In the summer of 2018, I went through a hard breakup, was dealing with the loss of a family friend, and decided to transfer universities.
As a soccer player, transferring schools meant that I’d also have to join a new team and meet new coaches. When I showed up to our first day of fitness testing, I didn’t feel like myself. I wasn’t just nervous, I was overwhelmed with stress and anxiety. I felt like I’d never run before.
Afterward, I met with my coach who had sensed something was wrong. I broke down and told her how difficult my summer had been. She helped me realize that my performance on the field was being hindered by my negative emotions and my refusal to talk about them.
“my performance on the field was being hindered by my negative emotions and my refusal to talk about them.”
Throughout that summer, many people offered their time to talk but I refused because I believed I would be burdening them with my problems. I learned that this was not the best way to approach my mental health.
Hiding my emotions from others caused me to hide them from myself. Through self-reflection and familial conversations, I quickly realized the importance of opening up and being vulnerable to my mental and physical health.
After my experience, I began noticing similar struggles in my peers.
Between 10 and 15% of student-athletes will experience severe psychological issues, 2% more than their nonathletic counterparts.
Given the immense pressures put on student-athletes, these numbers make sense. Along with the common changes that all students face, they are now on a new team, have new coaches, and the hours required for their sport are more demanding than ever.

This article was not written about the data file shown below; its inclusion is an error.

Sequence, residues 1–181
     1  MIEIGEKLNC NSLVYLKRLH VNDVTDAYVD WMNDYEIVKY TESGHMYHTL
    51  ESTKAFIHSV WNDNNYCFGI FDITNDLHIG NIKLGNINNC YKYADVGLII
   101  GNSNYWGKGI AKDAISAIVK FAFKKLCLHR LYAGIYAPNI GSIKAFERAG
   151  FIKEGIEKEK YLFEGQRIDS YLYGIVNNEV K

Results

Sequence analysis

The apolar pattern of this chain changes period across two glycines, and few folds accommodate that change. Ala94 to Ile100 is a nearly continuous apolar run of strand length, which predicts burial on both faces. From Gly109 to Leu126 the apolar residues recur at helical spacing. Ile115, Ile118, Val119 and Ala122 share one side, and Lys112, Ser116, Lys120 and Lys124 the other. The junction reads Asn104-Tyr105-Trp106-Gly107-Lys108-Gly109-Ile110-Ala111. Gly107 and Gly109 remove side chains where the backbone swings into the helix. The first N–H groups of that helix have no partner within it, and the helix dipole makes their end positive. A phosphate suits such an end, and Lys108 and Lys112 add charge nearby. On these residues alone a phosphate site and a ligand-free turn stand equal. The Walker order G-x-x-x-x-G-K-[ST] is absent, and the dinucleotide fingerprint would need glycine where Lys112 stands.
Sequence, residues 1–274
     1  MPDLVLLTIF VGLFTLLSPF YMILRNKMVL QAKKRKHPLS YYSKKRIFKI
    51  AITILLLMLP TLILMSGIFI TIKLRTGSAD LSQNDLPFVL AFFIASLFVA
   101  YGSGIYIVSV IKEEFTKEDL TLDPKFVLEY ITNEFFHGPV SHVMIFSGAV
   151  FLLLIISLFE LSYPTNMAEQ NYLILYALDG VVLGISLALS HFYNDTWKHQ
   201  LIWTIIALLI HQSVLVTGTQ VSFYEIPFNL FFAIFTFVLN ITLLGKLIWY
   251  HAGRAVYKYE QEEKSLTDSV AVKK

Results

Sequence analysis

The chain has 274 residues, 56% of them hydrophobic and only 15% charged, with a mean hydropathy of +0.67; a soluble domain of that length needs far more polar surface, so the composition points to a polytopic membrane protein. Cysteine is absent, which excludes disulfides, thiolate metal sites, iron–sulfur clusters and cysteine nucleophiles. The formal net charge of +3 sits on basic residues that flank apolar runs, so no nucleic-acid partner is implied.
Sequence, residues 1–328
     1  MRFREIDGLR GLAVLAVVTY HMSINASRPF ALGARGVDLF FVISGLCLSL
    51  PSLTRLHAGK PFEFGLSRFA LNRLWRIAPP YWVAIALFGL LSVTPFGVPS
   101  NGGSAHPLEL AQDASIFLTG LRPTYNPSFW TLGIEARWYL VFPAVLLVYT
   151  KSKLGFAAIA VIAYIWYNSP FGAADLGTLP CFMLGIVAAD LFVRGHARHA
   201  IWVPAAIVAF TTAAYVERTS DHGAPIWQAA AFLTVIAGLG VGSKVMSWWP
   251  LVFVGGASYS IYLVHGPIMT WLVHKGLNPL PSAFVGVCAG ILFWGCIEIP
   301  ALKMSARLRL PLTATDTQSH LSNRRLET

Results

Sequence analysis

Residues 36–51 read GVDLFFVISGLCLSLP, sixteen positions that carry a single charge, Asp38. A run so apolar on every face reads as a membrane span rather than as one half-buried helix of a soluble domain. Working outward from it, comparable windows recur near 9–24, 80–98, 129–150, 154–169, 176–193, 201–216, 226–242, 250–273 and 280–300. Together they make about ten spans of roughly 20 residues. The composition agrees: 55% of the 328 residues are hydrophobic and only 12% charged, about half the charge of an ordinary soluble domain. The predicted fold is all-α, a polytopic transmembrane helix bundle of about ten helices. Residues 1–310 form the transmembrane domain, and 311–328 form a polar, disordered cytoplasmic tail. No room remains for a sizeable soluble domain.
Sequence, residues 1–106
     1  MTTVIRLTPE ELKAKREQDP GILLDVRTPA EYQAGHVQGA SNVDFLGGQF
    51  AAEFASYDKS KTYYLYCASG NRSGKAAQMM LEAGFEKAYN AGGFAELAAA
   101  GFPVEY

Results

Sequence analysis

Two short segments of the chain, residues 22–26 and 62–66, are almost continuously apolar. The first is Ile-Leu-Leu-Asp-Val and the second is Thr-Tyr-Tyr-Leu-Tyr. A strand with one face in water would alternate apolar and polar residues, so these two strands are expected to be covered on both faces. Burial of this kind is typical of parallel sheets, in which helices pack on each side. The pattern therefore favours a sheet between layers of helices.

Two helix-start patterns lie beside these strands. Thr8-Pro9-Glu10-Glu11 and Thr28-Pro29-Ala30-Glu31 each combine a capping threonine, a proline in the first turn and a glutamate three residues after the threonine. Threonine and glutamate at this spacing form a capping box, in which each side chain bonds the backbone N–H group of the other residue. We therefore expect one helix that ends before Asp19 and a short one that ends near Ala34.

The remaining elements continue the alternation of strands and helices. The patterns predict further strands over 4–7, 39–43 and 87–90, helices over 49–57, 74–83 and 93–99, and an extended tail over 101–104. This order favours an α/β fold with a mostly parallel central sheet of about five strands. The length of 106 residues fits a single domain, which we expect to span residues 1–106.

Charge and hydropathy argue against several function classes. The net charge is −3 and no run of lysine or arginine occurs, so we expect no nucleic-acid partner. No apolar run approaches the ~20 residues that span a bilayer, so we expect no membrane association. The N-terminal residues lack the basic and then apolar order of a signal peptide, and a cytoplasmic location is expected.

Unfortunately, in sports, there is a culture of hiding mental health problems. Athletes find it hard to seek help for a couple of reasons:
1. The Availability of Resources
Athletic departments at any university take time to give physicals, concussion baseline tests and make sure throughout the season that grades are acceptable, but there is not check-in on how students are doing mentally and emotionally.
Most athletic departments also lack on-site psychologists so if athletes do express issues, they are sent to the campus counseling center. Although this is a start, most counselors do not specialize in athlete mental health.
Sports psychologists are specific to this population and can help with specific student-athlete issues like sports anxiety and hindered performance from other mental health struggles.
2. The Fear of Judgment and Different Treatment From Coaches and Teammates
The last thing an athlete wants is to be thought of or treated differently. Seeking mental health counseling brings about the fear of other people finding out you’re not mentally “tough.” For many struggling athletes, they would rather suffer than show weakness.
How can we improve these conditions to help the performance and mental health of these individuals?
Athletic departments need to devote resources to individual care and raising mental health awareness to reduce the stigma.
To get there, let’s start being active in our school athletics department to bring awareness to this issue. We have the ability to voice our struggles and our triumphs and to help make a change.
We can still be strong even if we’re not perfectly okay.
Written By: Jordan Chawan
Jordan is a senior at Belmont University in Nashville, Tennessee studying psychology.
In her free time, you can find her at soccer practice, hiking, cooking or spending time with friends and family.